289 F2d 508 Application of Alfred C Haven Jr

289 F.2d 508

Application of Alfred C. HAVEN, Jr.

Patent Appeal No. 6584.

United States Court of Customs and Patent Appeals.

February 21, 1961.

Rehearing Denied June 2, 1961.

Edwin C. Woodhouse, Wilmington, Del., for appellant.

Clarence W. Moore, Washington, D. C. (Joseph Schimmel, Washington, D. C., of counsel), for the Commissioner of Patents.

Before WORLEY, Chief Judge, and RICH, MARTIN, and SMITH, Judges, and Judge WILLIAM H. KIRKPATRICK.*

MARTIN, Judge.

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This appeal is from a decision of the Patent Office Board of Appeals affirming the rejection of the only claim of appellant's application Serial No. 365,556, filed July 1, 1953.


The appealed claim recites a single organic compound:


"1. Aminocyclopentadienyl (cyclopentadienyl) iron."


The novelty, unobviousness, and utility of the claimed compound are not in dispute. The solicitor in his brief stated the issue to be as follows:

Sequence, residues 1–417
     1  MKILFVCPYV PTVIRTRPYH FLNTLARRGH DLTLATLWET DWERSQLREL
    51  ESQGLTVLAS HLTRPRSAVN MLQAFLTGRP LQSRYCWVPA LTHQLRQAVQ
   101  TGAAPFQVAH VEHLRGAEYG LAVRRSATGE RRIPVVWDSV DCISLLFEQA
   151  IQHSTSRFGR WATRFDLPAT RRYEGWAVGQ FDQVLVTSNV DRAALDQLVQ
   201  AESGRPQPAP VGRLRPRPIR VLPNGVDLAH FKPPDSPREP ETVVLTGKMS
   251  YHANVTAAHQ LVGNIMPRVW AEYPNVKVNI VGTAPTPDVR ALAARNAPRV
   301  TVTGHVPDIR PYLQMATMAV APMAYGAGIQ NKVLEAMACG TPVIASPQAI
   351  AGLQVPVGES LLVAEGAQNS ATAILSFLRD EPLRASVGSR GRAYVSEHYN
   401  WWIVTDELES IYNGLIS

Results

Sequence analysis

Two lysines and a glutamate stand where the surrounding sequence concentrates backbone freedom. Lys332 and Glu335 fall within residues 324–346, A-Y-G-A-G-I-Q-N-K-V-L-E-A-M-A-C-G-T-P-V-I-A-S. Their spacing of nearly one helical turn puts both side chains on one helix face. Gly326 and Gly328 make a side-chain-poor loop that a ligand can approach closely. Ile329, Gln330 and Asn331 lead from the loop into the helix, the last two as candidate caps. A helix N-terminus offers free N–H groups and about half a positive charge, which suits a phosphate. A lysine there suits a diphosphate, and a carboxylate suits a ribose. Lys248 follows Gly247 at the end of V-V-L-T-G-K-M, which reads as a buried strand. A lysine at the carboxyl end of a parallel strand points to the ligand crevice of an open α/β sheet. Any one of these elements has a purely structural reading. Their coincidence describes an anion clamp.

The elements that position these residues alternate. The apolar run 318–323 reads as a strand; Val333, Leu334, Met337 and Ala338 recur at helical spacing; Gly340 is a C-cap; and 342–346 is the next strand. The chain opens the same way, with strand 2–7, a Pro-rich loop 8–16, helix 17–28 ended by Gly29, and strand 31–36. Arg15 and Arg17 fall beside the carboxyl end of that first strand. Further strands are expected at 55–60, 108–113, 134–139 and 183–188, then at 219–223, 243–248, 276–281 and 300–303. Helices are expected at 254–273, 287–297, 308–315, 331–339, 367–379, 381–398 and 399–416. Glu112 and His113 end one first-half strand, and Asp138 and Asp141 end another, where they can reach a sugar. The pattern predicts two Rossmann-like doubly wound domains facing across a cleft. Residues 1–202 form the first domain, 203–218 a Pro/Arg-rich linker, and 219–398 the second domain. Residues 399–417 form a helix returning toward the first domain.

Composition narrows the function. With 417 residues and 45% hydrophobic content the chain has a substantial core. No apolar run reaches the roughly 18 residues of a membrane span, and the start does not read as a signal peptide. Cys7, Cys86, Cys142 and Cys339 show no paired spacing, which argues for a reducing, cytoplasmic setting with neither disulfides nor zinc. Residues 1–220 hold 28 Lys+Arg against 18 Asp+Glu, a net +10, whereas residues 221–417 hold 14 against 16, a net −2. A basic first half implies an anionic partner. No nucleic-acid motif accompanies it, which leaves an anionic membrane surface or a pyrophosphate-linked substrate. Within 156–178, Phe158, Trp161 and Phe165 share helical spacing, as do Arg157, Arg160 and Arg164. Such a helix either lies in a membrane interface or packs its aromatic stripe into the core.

"* * * the primary question at issue is whether the original specification presented to the Patent Office met the requirements of 35 U.S.C. 112 of a written description of the `manner of using' the invention, in full, clear, concise, and exact terms [Emphasis ours.]"


We adopt this statement as properly descriptive of the main issue before us. Subsequently we shall discuss a secondary issue.


The specification recites methods for the preparation of the claimed compound in detail sufficient to satisfy the examiner. Some physical and chemical properties of the compound are also recited. The last paragraph of the description is as follows [emphasis ours]:

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"Aminocyclopentadienyl (cyclopentadienyl) iron is a useful intermediate in the preparation of dyestuffs and also has anti-oxidant properties. The presence of the amino group attached to the dicyclopentadienyliron structure permits conversion into other useful compounds, since a large number of other materials can react with the amino group."